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Current Upwellings
The Latest Dive News

Updated July 12th, 2006

Malaria Risk in the Bahamas
Scubapro Recalls X650 Second Stages
Two Resort Owners Pass
Dangerous Error in Suunto Computer Software
Big Animal Encounters
Fiji Fish Poisoning
Avoiding Diving Ripoffs
Dive in Style
A $9.95 subscription
July issue of Undercurrent

Malaria Risk in the Bahamas:   June 2006

In June, 16 people tested positive for malaria on Great Exuma Island in the Bahamas. One was an American tourist. The Centers for Disease Control (www.cdc.gov/travel) are temporarily recommending that travelers to Great Exuma take chloroquine, an antimalarial medication, as a preventative (it requires a prescription), and use mosquito repellents containing 30 to 50 percent DEET. No cases of malaria have been reported beyond Exuma and there are no health advisories for other islands.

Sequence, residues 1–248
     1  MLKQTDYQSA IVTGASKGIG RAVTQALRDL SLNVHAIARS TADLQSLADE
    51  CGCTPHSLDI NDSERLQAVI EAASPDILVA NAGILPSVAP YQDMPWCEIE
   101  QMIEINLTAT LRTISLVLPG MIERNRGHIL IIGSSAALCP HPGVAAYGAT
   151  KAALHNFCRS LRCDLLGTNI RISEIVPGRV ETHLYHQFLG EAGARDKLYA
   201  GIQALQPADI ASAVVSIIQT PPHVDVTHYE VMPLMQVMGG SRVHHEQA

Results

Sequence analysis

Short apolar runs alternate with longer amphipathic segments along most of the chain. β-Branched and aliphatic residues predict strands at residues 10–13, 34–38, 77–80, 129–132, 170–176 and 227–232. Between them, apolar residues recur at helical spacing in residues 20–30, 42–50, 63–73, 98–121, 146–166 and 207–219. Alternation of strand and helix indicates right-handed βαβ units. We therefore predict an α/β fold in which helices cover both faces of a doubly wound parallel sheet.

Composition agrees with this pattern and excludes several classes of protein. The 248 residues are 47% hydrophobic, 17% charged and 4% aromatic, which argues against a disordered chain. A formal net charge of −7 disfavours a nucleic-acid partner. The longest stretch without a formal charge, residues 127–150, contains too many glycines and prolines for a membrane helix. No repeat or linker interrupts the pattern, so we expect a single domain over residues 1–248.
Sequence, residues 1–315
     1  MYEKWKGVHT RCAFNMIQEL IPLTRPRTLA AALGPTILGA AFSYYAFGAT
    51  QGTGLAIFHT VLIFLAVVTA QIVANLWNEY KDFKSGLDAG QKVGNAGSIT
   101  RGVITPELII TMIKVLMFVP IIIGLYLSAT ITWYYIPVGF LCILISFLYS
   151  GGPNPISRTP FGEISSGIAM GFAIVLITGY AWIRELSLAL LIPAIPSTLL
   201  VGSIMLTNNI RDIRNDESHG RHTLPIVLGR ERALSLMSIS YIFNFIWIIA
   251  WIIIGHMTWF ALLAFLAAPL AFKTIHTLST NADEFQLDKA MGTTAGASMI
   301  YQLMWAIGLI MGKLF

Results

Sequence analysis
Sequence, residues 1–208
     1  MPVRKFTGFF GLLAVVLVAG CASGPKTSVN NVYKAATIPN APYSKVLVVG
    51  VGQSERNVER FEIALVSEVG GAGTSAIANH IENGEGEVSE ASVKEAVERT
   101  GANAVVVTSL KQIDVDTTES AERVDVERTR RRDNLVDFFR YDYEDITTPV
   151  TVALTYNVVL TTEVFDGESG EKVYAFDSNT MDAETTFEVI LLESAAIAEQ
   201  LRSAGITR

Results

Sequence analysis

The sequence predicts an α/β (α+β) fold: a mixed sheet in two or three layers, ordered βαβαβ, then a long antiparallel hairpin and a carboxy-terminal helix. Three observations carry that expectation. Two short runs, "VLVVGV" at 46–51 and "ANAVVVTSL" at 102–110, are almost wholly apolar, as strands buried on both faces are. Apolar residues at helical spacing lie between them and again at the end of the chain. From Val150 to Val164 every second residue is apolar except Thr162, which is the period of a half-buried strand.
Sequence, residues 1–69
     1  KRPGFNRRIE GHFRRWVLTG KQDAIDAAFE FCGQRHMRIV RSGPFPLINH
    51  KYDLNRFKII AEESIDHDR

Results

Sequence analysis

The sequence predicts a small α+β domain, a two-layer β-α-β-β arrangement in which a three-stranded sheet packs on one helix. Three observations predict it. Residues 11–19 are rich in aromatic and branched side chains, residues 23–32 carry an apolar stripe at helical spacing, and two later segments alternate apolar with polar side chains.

Scubapro Recalls X650 Second Stages:   June 2006

A serious manufacturing error could cause the cover and diaphragm to become dislodged, interrupting air flow underwater: Affected X650 regulators have been sold overseas since 2004 and in the U.S. since mid-2005. Owners should contact Scuba Pro at (800) 808-3948 between 8 a.m. and 5 p.m. PDT, Monday through Friday, or visit their website at www.scubapro.com. The company promises to send out a free replacement regulator within 30 days.

Two Resort Owners Pass:  June 2006

Daniel Tibbetts, 52, who built the Little Cayman Beach Resort in 1991, passed away in June. He also built the Conch Club Condominiums and owned Reef Divers, the dive operation for the Brac Reef Beach Resort, a family-owned business. He purchased Bob Soto's Diving on Grand Cayman in 2001, which became a casualty of Hurricane Ivan in 2004. . . .Coco View founder Bill Evans died in April. He founded Coco View in 1982 and managed the business with his wife, Evelyn, until its sale in 2004.

Dangerous Error in Suunto Computer Software:  June 2006